Managing product families: The case of the Sony Walkman

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Citation: Susan Sanderson, Mustafa Uzumeri (1995) Managing product families: The case of the Sony Walkman. Research Policy (RSS)
DOI (original publisher): 10.1016/0048-7333(94)00797-B
Semantic Scholar (metadata): 10.1016/0048-7333(94)00797-B
Sci-Hub (fulltext): 10.1016/0048-7333(94)00797-B
Internet Archive Scholar (search for fulltext): Managing product families: The case of the Sony Walkman
Tagged: Business (RSS) Product Development (RSS)


Sanderson and Uzumeri (1995) contribute to the product development literature with a case study of the Sony Walkman that offers the basic conclusion that Sony succeeded because it both developed new models as fast as their competitors but had product lines of families last much longer. The argument is that previously literature has focused just on rapid development as a dependent variable measuring product development success but that longevity has been an important part of Sony's success.

Sanderson and Uzumeri provide a detailed description of the walk man using data from:

  • Models, features, and prices taken from newspaper advertisements.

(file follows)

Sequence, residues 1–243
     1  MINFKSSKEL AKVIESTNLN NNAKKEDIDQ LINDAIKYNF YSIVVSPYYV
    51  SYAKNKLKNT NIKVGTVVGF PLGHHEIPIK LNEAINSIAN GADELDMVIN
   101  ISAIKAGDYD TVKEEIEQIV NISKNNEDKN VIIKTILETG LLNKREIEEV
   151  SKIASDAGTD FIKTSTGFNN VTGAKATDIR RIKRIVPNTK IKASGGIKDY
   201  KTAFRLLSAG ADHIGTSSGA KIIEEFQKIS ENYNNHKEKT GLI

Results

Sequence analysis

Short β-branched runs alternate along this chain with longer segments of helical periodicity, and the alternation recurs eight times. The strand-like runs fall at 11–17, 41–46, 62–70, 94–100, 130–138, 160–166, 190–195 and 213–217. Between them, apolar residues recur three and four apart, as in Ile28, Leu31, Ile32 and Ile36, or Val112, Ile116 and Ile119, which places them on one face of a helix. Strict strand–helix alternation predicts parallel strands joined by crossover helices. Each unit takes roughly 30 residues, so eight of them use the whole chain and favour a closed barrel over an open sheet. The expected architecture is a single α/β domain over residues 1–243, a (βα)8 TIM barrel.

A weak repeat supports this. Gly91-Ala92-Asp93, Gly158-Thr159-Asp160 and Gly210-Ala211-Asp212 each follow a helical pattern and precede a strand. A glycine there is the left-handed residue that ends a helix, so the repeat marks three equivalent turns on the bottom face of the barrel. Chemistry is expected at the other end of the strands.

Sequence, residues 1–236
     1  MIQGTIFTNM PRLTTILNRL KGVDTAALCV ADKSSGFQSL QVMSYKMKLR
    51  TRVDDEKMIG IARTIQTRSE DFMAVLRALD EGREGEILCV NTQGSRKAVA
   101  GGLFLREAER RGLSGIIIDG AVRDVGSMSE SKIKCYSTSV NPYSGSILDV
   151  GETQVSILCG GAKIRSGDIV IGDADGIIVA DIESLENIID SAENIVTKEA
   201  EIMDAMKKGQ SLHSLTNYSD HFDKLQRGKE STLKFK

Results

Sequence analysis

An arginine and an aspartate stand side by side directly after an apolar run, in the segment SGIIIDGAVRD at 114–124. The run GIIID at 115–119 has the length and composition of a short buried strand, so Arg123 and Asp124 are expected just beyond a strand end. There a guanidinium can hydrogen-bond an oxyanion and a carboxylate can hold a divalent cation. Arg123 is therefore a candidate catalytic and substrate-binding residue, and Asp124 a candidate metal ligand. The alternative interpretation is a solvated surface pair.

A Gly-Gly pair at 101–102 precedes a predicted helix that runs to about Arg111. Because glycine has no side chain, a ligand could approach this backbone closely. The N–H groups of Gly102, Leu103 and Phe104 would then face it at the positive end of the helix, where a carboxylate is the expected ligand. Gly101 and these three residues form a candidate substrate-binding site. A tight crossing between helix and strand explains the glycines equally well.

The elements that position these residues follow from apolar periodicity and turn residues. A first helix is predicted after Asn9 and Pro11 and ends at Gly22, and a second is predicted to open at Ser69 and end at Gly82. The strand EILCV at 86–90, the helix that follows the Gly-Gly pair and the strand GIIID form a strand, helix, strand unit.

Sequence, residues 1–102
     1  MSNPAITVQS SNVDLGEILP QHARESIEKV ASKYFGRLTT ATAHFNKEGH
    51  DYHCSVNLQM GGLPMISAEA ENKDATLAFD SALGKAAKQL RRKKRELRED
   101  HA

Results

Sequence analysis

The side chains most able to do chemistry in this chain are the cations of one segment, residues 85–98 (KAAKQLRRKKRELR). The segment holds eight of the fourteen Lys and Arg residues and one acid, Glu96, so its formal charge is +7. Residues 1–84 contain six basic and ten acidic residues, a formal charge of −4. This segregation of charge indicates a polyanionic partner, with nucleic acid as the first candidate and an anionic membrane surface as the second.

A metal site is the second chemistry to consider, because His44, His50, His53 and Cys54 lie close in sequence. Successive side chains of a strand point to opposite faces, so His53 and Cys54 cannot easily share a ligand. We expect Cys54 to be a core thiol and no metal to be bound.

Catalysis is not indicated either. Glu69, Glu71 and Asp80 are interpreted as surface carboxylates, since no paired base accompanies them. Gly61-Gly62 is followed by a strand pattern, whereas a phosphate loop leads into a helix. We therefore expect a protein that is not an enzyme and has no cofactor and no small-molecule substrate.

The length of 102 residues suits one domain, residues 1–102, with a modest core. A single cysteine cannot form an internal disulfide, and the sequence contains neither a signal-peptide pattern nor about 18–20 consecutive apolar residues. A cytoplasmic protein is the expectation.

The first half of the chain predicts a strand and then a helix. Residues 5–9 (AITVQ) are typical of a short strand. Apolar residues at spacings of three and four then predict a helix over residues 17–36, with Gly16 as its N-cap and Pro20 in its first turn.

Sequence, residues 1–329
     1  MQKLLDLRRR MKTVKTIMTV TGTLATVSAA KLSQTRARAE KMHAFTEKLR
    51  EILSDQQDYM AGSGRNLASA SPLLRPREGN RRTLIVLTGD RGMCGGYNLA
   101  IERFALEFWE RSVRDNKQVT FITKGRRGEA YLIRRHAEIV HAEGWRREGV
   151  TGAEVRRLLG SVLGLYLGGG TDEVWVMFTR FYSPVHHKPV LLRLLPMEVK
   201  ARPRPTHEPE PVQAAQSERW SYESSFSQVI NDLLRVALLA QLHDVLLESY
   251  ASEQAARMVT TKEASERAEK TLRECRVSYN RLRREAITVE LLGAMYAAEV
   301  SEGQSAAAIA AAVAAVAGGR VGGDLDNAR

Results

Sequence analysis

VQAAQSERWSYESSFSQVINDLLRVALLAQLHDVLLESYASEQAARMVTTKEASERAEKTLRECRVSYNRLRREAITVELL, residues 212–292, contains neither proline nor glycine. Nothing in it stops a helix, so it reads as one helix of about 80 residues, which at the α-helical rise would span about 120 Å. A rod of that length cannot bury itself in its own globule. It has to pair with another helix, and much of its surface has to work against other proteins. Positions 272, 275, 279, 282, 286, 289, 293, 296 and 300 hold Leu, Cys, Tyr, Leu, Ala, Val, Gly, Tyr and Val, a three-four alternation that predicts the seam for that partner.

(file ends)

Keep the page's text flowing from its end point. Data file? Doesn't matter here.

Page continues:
• Interview data from managers, product managers, and designers within Sony.
  • Data from company records and newsletters.

The authors use this data to tell a detailed, quantitative history of personal music players in general with a focus on the Walkman. The authors. The authors show that Sony released more models than its competitors and that these models lasted nearly 2 years on the market while its competitors lasted a mean of 1.2 years.

The authors explain that the vast majority of Sony's new products in the Walkman line (85%) where minor rearrangement of existing functionality. For example, the Walkman Sport (in a more rugged yellow case) and My First Sony aimed a children were two lines that used older technologies but packed it differently.

The authors also point out that industrial design work was located in the countries that the Walkman was sold in while production and engineering tended to be located in Japan. This allowed the firm to have designers close to markets and in a position to make the types of rearrangements that sustained the product line.

The authors summarize their results by focusing on four specific tactics explored by Sony's management:

  1. A variety-intensive product development strategy.
  2. A multilateral management of product design by locating design in each of its major markets.
  3. Judicious use of industrial designers.
  4. Minimizing design cost.

Theoretical and Practical Relevance

Sanderson and Uzumeri's article has been cited more than 260 times since it was published 15 years ago. Almost all of these citations seem to have been in the product development and design literature.